Experimental Methods in the Social Sciences
NOTE: Usually taught every fall semester.
Spring 2023: SOC 391 / SOC 681
The course is currently being taught as a joint undergraduate / graduate class. The first 8 weeks of the semester consist of a 3-credit hour graduate level course on experimental design. The undergraduate course also consists of participating as a research assistant in the Kernan Experimental Social Science lab for the last 8 weeks of the semester.
Causality is of fundamental interest to most social, behavioral, and health scientists. Theories and theoretically motivated research questions are almost always causal in nature. While many statistical advances have aided our ability to test for causality in observational data, experiments remain the “gold standard'” for causal inference. Primarily because of experiments' unrivaled ability to test for causality, use of experimental studies has grown rapidly in many social science fields such as economics, political science, and sociology.
Some experimental traditions, such as laboratory experiments, have a long and influential history within many fields. Newer methods such as field, audit, and survey experiments offer exciting possibilities to test causal ideas in newer and more diverse settings and with more diverse samples. The class will begin by covering fundamental experimental methodology and laboratory experiments. Next, we will learn about experiments conducted outside of the laboratory: from conducting audit studies on hiring managers to fielding survey experiments in nationally representative samples (and everything in between).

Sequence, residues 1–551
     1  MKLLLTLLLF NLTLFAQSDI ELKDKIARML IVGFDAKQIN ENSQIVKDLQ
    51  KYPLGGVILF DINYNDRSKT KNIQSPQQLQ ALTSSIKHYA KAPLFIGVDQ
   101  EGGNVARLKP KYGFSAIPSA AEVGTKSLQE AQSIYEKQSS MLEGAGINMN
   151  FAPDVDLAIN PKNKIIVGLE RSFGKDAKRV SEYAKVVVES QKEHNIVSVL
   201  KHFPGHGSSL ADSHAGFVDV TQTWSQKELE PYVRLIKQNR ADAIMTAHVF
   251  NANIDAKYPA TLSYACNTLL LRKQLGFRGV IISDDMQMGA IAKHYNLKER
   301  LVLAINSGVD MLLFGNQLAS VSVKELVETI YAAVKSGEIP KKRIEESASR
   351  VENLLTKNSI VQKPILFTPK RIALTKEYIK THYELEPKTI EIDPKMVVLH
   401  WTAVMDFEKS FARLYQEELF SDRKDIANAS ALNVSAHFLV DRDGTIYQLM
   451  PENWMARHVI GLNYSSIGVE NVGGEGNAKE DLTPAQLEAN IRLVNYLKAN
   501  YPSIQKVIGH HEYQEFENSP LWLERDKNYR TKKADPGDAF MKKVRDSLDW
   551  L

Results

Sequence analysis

The first 8 weeks of the course focus on experimental methodology and design; i.e. what types of experiments are possible and how to design and conduct methodologically sound studies. The course is meant to be practical, teaching concrete best practices rather than only abstract concepts. In addition, we will read exemplar research articles throughout the semester alongside methodological pieces, illustrating the diverse and contemporary topics that are currently being studied with experimental methods.
An additional goal of the course is to introduce you to the experimental research that is currently being conducted at Purdue. Most of our Friday class periods for the first 8 weeks will be devoted to guest speakers. We will read one of their published or in-progress articles using an experimental study and then discuss the study and their research with them during the Friday class.
The second 8 weeks of the course focus on applied research in the Kernan Experimental Social Science lab (BRNG 2208). We will learn about the lab and the studies being conducted by faculty and graduate students this semester. After training each student on the studies, each student will act as a research assistant conducting the experimental studies in the lab. In addition, we will have a weekly lab meeting each Friday where we discuss the studies’ progress, present results from the studies, and workshop ideas for new experiments. The class is hands on, and each student will get practical research experience conducting experimental studies.
Prior Course Materials
See all course materials from the last time the course was taught: